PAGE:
Written by: Michael Den Boer on November 5th, 2017
BluRay released: November 21st, 2017
Approximate running times: 78 minutes
Aspect Ratio: 1.33:1 Aspect Ratio / 1080 Progressive / MPEG-4 AVC
Sound: DTS-HD Mono English
Subtitles: English SDH
BluRay Release: Kino Lorber
Region Coding: Region A
Retail Price: $29.95
Hangover Square was directed by John Brahm, whose other notable films include, The Undying Monster, The Lodger, The Locket and The Mad Magician. Key collaborators on Hangover Square include, cinematographer Joseph LaShelle (Laura, The Apartment) and composer Bernard Herrmann (The Bride Wore Black, Sisters). The screenplay for Hangover Square was adapted from author Patrick Hamilton (Rope, Gaslight) novel of the same name.
When discussing Hangover Square there is no denying the impact of Laird Cregar’s (Blood and Sand, I Wake Up Screaming) haunting performance in the role of George Harvey Bone, a composer who is blinded by love and loses sight of his original ambition to complete his concert concerto. And with his performance delivers a haunting performance that perfectly fuses the character he is portraying with his own personal demons. And though his career spanned a mere six years, the impact he left on cinema is undeniable.
Content wise, Hangover Square features a psychoanalysis angle that was becoming all too familiar in Hollywood cinema during this era. With the protagonists’ amnesia being triggered when he hears dissonant sounds.
And though this film is set in the Victorian era, the visuals have a film noir vibe to them. Another strength of the visuals are how they reinforce the mood and perfectly capture the protagonists’ state of mind. With this film’s most memorable moment visually being its finale. Where the protagonist plays his concert concerto as his world burns to the ground around him.
As mentioned before though this film’s greatest strength is Laird Cregar’s haunting portrayal of George Harvey Bone. Not to be overlooked are the performances of the rest of the cast which include, George Sanders (All About Eve, Psychomania) in the role of a psychologist that tries to help the protagonist and Linda Darnell (My Darling Clementine, No Way Out) in the role of an singer who exploits the protagonists talent to further her own ambitions.
Hangover Square comes on a 25 GB single layer BluRay. This release has been flagged for progressive playback and the film is presented in its intended 1.33:1 aspect ratio. The transfer for this release was sourced from a brand new 4k master. And when compared to previous home video presentations. This new transfer is vastly superior in every way. With the greatest areas of improvement being image clarity, contrast and black levels.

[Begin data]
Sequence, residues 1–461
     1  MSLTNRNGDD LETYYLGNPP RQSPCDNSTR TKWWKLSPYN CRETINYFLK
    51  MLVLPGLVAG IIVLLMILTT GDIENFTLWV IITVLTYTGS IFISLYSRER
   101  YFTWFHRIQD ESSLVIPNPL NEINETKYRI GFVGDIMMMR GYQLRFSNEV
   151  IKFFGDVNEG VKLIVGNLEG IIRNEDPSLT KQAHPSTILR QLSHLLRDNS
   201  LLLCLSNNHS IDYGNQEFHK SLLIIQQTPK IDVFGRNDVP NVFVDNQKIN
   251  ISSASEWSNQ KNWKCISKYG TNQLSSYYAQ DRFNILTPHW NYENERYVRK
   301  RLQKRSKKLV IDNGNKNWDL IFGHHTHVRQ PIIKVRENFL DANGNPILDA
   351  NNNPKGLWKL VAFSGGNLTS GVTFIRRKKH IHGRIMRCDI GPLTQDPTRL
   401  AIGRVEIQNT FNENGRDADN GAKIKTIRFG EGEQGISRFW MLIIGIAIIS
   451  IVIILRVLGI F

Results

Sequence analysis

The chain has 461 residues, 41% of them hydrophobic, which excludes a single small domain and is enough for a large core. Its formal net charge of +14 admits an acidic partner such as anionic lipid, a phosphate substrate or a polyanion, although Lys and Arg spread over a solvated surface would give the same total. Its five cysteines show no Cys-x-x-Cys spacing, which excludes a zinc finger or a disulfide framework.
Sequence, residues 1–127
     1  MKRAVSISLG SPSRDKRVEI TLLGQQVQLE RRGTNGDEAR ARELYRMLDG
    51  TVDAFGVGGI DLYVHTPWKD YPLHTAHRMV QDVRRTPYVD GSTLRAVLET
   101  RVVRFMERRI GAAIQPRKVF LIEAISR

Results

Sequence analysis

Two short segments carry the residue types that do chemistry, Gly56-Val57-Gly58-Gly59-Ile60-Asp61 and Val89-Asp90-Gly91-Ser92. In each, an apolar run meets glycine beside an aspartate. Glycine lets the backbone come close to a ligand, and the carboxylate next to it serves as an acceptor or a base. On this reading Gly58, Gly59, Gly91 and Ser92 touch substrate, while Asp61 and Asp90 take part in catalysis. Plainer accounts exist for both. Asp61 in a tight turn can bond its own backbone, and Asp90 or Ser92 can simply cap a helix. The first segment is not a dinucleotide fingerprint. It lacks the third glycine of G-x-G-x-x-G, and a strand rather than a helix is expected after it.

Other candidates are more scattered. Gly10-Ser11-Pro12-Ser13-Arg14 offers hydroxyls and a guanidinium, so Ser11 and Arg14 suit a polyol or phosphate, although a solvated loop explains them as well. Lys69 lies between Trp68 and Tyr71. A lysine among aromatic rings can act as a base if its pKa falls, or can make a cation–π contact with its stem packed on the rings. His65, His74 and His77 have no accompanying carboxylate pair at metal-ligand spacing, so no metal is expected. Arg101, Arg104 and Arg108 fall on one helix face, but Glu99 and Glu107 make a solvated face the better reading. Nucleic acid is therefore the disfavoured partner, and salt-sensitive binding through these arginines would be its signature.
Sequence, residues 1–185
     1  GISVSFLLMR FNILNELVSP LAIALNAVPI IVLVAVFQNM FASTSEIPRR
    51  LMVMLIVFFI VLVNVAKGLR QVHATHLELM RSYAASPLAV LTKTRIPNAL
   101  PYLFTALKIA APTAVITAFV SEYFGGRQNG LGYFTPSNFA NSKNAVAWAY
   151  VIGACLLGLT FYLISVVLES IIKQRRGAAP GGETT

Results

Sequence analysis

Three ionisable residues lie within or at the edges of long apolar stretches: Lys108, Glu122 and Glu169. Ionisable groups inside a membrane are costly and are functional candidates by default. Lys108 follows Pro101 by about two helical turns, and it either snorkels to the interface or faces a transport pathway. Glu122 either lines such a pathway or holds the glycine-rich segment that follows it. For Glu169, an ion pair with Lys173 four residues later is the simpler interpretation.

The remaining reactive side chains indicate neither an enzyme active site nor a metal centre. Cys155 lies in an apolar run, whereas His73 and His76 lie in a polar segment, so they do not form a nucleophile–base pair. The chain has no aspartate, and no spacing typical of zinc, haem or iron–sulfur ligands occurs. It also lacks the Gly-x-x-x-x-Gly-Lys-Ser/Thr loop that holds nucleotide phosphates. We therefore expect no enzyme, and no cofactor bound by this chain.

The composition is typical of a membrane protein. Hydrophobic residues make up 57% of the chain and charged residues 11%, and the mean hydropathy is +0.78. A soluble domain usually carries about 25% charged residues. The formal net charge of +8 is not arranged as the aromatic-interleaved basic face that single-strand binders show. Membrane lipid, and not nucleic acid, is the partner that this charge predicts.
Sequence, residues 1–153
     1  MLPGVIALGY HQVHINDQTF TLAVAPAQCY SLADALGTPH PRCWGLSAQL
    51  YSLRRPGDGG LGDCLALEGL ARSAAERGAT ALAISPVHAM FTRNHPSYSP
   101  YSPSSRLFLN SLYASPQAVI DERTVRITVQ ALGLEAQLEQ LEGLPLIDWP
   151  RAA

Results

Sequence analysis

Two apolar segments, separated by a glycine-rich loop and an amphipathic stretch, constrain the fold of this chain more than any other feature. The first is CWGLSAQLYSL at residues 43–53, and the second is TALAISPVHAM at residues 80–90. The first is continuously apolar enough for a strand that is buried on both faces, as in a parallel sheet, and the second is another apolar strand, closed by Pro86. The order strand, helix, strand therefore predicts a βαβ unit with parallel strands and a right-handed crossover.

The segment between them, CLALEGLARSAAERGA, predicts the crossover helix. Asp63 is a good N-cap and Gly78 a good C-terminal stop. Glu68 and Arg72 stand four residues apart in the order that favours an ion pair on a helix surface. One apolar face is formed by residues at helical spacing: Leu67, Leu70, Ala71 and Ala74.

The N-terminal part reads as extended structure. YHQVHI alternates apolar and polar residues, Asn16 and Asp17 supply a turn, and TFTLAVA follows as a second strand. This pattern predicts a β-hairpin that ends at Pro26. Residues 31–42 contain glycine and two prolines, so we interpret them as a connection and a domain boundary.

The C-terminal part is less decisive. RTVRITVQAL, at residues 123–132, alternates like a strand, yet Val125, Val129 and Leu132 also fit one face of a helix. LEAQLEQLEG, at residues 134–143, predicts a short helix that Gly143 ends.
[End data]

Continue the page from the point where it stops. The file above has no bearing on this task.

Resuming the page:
This release comes with a one audio option, a DTS-HD mono mix in English and included with this release are removable English SDH subtitles. There are no issues with distortion or background noise, dialog always comes through clearly, everything sounds balanced and the score sounds appropriately robust.
Extras for this release include, Hangover Square – Vintage Radio Show Performed by Vincent Price, Linda Darnell and Faye Marlowe (29 minutes 38 seconds), a featurette titled The Tragic Mask: The Laird Cregar Story (19 minutes 43 seconds) and two audio commentaries – the first audio commentary with film historian Steve Haberman and actress Faye Marlowe and the second audio commentary with film critic Richard Schickel.
The extra titled The Tragic Mask: The Laird Cregar Story is an insightful overview of the short career and untimely death of Hangover Square’s leading man Laird Cregar.
Topics discussed in the audio commentary with Steve Haberman and Faye Marlowe include, Bernard Hermann / the score, John Brahm, Patrick Hamilton author of the novel from which this film was adapted, screenwriter Barré Lyndon / the screenplay, Laird Cregar, the cast, the friction between Laird Cregar and Daryl F. Zanuck during the making of Hangover Square, cinematographer Joseph LaShelle and critical reaction to the film. Topics discussed by Faye Marlowe include, her origins as an actress, how her screenname ‘Marlowe’ came about, Hangover Square, Laird Cregar, John Brahm and George Sanders.
Topics discussed in the audio commentary with Richard Schickel include, background information about John Brahm, the cast, the film, Patrick Hamilton’s novel and his thoughts about the film.
Other extras include, trailers for The Lodger (2 minutes 16 seconds), The Undying Monster (1 minute 4 seconds) and I Wake up Screaming (2 minutes 16 seconds).
Overall Hangover Square gets a definitive release from Kino Lorber, highly recommended.